Dabigatran vs warfarin for radiofrequency catheter ablation of atrial fibrillation

Jin-Seok Kim, Fei She, Krit Jongnarangsin, Aman Chugh, Rakesh Latchamsetty, Hamid Ghanbari, Thomas Crawford, Arisara Suwanagool, Mohammed Sinno, Thomas Carrigan, Robert Kennedy, Wouter Saint-Phard, Miki Yokokawa, Eric Good, Frank Bogun, Frank Pelosi, Fred Morady, Hakan Oral

Research output: Contribution to journalArticle

127 Citations (Scopus)

Abstract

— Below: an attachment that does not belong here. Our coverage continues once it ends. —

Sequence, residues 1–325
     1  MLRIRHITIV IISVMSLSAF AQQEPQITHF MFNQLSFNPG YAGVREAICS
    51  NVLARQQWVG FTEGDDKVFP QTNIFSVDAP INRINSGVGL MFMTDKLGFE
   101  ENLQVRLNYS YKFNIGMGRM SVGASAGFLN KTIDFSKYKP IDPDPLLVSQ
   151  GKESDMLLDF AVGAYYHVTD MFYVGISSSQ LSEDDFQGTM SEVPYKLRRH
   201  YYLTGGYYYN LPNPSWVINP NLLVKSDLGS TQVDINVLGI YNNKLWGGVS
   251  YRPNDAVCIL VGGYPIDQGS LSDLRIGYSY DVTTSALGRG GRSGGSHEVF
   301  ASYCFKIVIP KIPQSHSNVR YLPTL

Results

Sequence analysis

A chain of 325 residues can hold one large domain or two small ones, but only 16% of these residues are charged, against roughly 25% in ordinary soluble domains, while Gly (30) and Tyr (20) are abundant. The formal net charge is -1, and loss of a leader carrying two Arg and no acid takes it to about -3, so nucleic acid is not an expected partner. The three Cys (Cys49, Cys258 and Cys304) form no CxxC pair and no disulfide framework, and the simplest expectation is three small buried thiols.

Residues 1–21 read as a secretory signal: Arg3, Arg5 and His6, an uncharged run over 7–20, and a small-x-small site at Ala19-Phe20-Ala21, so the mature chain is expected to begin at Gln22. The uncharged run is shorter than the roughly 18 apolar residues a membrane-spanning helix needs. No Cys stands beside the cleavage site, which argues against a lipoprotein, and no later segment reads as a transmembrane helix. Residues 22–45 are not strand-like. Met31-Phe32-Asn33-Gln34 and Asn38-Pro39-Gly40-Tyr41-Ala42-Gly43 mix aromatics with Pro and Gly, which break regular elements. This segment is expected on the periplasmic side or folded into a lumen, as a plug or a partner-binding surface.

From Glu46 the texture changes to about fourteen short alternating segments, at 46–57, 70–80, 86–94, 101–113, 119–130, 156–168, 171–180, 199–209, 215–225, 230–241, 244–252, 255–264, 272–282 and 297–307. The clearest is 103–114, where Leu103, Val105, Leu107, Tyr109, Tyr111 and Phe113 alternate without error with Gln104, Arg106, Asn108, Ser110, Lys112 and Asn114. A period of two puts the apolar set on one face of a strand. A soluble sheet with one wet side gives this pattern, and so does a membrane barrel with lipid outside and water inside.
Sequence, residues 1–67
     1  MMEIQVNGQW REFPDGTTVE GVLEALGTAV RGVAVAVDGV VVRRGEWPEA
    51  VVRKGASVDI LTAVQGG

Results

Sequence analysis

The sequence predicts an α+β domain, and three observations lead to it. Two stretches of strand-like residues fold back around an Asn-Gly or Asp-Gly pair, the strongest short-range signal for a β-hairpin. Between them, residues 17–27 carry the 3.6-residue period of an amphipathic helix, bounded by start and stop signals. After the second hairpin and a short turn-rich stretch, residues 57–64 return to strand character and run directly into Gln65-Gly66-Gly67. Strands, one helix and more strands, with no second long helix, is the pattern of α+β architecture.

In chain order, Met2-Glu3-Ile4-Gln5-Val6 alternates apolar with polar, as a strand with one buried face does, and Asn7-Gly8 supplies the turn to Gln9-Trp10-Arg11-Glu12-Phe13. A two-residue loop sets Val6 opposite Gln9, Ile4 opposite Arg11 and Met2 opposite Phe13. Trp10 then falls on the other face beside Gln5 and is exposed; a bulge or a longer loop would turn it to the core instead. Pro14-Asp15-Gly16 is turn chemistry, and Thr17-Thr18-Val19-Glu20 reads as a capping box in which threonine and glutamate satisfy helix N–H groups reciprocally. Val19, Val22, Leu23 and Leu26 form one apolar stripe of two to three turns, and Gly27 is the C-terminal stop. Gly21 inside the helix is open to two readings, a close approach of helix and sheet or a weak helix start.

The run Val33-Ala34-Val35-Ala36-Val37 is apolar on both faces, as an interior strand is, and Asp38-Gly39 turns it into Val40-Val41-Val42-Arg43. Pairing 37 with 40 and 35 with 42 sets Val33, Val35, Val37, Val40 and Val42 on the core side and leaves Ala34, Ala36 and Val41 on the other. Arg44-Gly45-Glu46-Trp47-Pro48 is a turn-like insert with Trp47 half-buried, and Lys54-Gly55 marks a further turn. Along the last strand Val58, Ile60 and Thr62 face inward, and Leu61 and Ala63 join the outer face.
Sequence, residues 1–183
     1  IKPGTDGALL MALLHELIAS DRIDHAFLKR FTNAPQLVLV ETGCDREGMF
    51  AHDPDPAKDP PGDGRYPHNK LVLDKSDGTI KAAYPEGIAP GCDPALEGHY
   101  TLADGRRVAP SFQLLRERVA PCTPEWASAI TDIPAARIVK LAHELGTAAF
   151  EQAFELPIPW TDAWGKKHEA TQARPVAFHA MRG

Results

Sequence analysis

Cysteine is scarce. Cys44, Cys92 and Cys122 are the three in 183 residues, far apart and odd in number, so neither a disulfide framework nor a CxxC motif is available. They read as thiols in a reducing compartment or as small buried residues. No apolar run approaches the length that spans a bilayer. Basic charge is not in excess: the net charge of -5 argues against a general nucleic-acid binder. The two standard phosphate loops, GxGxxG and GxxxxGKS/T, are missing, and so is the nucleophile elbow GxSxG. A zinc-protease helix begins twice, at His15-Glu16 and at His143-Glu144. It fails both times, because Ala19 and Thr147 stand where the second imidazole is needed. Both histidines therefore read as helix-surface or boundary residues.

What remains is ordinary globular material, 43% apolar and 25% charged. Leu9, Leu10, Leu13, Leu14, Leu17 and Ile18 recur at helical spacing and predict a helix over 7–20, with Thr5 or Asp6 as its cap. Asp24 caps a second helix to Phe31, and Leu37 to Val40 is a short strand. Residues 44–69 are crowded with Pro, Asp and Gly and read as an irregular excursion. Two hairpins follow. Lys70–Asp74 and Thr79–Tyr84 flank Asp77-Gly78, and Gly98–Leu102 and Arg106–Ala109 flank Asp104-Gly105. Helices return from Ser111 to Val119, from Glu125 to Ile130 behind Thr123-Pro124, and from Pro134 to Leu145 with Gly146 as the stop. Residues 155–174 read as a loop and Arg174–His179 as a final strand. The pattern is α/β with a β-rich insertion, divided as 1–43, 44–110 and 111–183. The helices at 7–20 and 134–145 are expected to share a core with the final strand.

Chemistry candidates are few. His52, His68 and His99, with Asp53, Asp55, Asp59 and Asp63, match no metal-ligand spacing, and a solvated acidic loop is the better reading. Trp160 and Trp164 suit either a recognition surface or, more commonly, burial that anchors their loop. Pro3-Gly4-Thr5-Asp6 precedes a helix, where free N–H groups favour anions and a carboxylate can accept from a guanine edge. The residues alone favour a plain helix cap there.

Background: It is not clear whether dabigatran is as safe and effective as uninterrupted anticoagulation with warfarin during radiofrequency catheter ablation (RFA) of atrial fibrillation (AF). Objective: To compare the safety and efficacy of dabigatran by using a novel administration protocol and uninterrupted anticoagulation with warfarin for periprocedural anticoagulation in patients undergoing RFA of AF. Methods: In this case-control analysis, 763 consecutive patients (mean age 61±10 years) underwent RFA of AF using dabigatran (N = 191) or uninterrupted warfarin (N = 572) for periprocedural anticoagulation. In all patients, anticoagulation was started≥4 weeks before RFA. Dabigatran was held after the morning dose on the day before the procedure and resumed 4 hours after vascular hemostasis was achieved. Results: A transesophageal echocardiogram performed in all patients receiving dabigatran did not demonstrate an intracardiac thrombus. There were no thromboembolic complications in either group. The prevalence of major (4 of 191, 2.1%) and minor (5 of 191, 2.6%) bleeding complications in the dabigatran group were similar to those in the warfarin group (12 of 572, 2.1%; P = 1.0 and 19 of 572, 3.3%; P =.8, respectively). Pericardial tamponade occurred in 2 of 191 (1%) patients in the dabigatran group and in 7 of 572 (1.2%) patients in the warfarin group (P = 1.0). All patients who had a pericardial tamponade, including 2 in the dabigatran group, had uneventful recovery after perdicardiocentesis. On multivariate analysis, international normalized ratio (odds ratio [OR] 4.0; 95% confidence interval [CI] 1.1-15.0; P =.04), clopidogrel use (OR 4.2; 95% CI 1.5-12.3; P =.01), and CHA2DS2-VASc score (OR 1.4; 95% CI 1.1-1.8; P =.01) were the independent risk factors of bleeding complications only in the warfarin group. Conclusions: When held for approximately 24 hours before the procedure and resumed 4 hours after vascular hemostasis, dabigatran appears to be as safe and effective as uninterrupted warfarin for periprocedural anticoagulation in patients undergoing RFA of AF.